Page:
Growing up in Baltimore in the late ‘70s and early ‘80s, my brother and I thought our single mother had parenting superpowers. Maybe she was Wonder Woman.
She packed homemade lunches for school, read us bedtime stories, attended PTA meetings and football practices, constructed makeshift Halloween costumes and tirelessly complained to the principal when my local elementary school refused to accommodate my struggles with ADHD. Indeed, she embodied the classic concept of the helicopter mom. But it was never easy. While Mom had an enterprising spirit, rearing two precocious black boys on a budget was difficult. She’d hunt for bargains at Woolworth’s, Goodwill and the Dollar General store, and launched various business ventures to keep us cared for.
She seemed invincible, and she thrived on control and self-sufficiency. In her comfortable, tiny rowhouse in Baltimore City, where she’s lived for roughly half a century, her only affliction has always been her own stubborn pride. However, things turned a few years ago.
I left Baltimore with my family in 2012 to pursue my career in school administration. At the time, I never imagined my mother depending on anything or anyone, until she was diagnosed with a rare, aggressive hyperactive thyroid disorder. Her once energetic body responded poorly to the condition. She frequently experiences slight tremors, nervousness, fatigue and every now and then, rapid heart palpitations and increased anxiety over the slightest change in circumstances. She no longer finds humor where she used to, either.
My brother, a local chef who lives in Baltimore, has helped to look after her and selflessly contributed to the financial burden of maintaining the red brick rowhouse where we both grew up.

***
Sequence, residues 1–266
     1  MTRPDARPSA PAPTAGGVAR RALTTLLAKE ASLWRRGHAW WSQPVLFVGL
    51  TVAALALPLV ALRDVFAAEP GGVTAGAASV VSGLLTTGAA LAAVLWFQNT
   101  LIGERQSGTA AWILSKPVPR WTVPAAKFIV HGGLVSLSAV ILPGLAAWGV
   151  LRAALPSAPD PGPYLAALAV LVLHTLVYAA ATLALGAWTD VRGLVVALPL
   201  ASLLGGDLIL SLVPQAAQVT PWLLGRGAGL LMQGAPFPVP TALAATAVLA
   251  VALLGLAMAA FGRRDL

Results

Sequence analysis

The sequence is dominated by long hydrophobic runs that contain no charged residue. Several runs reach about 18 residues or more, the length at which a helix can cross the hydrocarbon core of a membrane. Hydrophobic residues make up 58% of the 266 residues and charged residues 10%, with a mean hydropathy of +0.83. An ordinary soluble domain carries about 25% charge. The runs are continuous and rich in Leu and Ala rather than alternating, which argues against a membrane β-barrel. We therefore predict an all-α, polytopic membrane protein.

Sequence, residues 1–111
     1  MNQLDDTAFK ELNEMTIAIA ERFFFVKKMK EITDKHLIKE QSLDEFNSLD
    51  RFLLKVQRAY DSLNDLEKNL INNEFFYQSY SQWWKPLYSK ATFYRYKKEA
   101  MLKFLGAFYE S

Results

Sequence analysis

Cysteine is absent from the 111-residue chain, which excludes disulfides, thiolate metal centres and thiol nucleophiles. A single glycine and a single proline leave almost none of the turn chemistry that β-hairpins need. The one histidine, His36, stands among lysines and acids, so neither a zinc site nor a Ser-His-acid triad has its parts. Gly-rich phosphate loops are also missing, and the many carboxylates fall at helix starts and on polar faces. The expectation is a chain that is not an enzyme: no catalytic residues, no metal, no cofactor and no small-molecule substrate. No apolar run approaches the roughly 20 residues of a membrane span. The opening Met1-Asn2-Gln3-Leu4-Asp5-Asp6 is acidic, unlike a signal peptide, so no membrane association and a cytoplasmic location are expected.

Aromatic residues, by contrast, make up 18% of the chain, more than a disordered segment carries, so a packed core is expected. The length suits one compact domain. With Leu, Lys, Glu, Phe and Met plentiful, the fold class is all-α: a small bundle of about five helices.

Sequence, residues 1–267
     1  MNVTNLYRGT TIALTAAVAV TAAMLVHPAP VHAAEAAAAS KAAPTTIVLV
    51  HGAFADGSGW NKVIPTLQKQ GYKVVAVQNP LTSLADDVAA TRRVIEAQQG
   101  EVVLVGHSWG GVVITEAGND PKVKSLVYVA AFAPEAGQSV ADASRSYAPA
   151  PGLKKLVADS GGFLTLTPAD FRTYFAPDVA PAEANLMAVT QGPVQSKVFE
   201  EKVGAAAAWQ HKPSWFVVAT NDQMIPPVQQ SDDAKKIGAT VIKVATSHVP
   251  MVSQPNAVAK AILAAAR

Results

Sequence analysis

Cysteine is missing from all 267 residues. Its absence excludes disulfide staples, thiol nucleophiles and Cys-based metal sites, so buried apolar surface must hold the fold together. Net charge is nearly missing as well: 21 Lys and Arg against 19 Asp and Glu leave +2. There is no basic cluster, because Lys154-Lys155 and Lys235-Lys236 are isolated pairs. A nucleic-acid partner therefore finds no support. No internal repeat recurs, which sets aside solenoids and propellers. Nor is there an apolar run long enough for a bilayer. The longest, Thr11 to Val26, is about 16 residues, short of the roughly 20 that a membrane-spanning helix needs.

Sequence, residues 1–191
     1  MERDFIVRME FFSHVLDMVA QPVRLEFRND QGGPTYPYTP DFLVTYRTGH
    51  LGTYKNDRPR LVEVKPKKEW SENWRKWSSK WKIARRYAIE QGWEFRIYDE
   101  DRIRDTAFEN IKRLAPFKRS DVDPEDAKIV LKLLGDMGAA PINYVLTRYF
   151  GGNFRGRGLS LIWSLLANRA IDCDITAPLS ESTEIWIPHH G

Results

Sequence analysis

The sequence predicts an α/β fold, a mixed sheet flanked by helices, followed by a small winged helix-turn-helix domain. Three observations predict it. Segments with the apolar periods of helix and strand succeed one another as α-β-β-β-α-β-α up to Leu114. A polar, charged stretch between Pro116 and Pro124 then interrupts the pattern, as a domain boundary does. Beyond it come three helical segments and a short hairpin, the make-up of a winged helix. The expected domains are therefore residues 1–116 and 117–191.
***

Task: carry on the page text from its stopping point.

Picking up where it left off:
I frequently Skype my mother. She often laments about her situation, how her entrepreneurial endeavors have disappeared along with her work with children, something she’s always loved. She is still impertinent, quick-witted and headstrong, opinionated and loving. But while she still keeps busy, my mother is no longer invincible, and her superpowers have abandoned her — along with our country’s legislators. She clenches her teeth with anxiety over the newly proposed Republican health care legislation, known as the Better Care Reconciliation Act of 2017.
According to the Congressional Budget Office, mom would be just one of the 15 million who may lose Medicaid coverage under the act. In fact, it would be very difficult for her to afford or even maintain the daily prescription that is so essential for her to live a productive life — or even stay alive for that matter. If pressed, my mother would never be able to have an informed conversation about the latest GOP bills to hit the floor, or the delusional tweets coming from our newly elected president. Faith and family has always mattered most to her, not politics or the discourse so critical to the far left and right.
I’ve always understood that the critical actions of our elected representatives have real consequences. Still, I never imagined my childhood superhero would be so gravely — and personally — affected. Or that she’d be among millions in the same position.
Jack Hill is a Baltimore native and the dean of a K-8 school in Denver, Colo. His email is firstname.lastname@example.org.